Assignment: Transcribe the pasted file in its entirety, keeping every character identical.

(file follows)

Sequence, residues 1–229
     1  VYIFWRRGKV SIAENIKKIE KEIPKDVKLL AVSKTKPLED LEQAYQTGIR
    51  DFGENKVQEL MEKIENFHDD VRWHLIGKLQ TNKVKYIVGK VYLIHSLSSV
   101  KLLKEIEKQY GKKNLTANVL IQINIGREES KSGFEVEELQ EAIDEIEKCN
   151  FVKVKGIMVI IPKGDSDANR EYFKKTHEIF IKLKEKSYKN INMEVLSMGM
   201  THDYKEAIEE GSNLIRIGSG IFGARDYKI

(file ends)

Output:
Sequence, residues 1–229
     1  VYIFWRRGKV SIAENIKKIE KEIPKDVKLL AVSKTKPLED LEQAYQTGIR
    51  DFGENKVQEL MEKIENFHDD VRWHLIGKLQ TNKVKYIVGK VYLIHSLSSV
   101  KLLKEIEKQY GKKNLTANVL IQINIGREES KSGFEVEELQ EAIDEIEKCN
   151  FVKVKGIMVI IPKGDSDANR EYFKKTHEIF IKLKEKSYKN INMEVLSMGM
   201  THDYKEAIEE GSNLIRIGSG IFGARDYKI